The method his team have devised which can be applied to the approximately 70 million empty toothpaste tubes and 50 million toothbrushes thrown out in Australia each year, involves melting the plastics – twice – at 204 degrees Celsius, and producing injection moulded plastics from the results. A similar technique is used for cigarette butts, once the paper covering has been removed for composting.
These are then sold to companies that manufacture a wide variety of products from the recycled plastic. Interestingly, Mr Szaky said, the recycled plastics retain the smell of the original contents even after the industrial-strength heat treatment. This is not an issue with the mint-infused ex-toothpaste tube plastics, but is does mean plastics made from recycled butts are destined for industrial uses such as railway sleepers.
Coffee capsules are separated, with the grounds going to a compost-making operation, and the aluminium recycled the same way as aluminium from cans. In Australia, the Nespresso facility in Nowra will be undertaking the aluminium recycling for coffee capsules, and local operators are also being sought for the other three waste streams.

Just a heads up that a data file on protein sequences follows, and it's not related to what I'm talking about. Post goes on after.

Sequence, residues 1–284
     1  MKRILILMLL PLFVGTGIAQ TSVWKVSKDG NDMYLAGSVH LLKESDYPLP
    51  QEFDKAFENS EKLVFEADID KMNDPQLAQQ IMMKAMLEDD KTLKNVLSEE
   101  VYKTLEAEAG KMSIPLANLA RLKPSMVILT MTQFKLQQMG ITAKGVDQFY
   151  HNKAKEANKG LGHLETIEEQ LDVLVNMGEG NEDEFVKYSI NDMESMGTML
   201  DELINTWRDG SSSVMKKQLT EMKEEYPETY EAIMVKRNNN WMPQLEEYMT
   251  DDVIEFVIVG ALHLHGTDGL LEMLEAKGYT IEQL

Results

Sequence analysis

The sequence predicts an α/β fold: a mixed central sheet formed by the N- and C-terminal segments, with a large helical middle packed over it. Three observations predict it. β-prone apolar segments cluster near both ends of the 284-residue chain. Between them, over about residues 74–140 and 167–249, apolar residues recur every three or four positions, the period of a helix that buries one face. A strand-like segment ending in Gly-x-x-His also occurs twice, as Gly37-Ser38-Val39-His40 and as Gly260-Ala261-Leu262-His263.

While there are robust recycling programs already in place for high-density polyethylene (HDPE) and polyethylene terephthalate (PET) plastics, paper, glass and aluminium, because those materials have an immediate economic value, these are materials where an “economic gap” has existed in terms of the cost of recycling and value of the material.
The company’s funding model of recruiting sponsors from the companies with the difficult-to- recycle products aims to close this gap, Mr Szaky said. The benefit for the companies is an increased level of corporate responsibility, and potentially a marketing edge that is attractive to consumers.
Garbage-fuelled global expansion
Terracycle is currently active in 24 countries across Europe, South America, the Middle East and Asia Pacific, with two more operations in Japan and South Korea due to launch later in 2014. The big picture plan is to have an operation in every country where there is waste.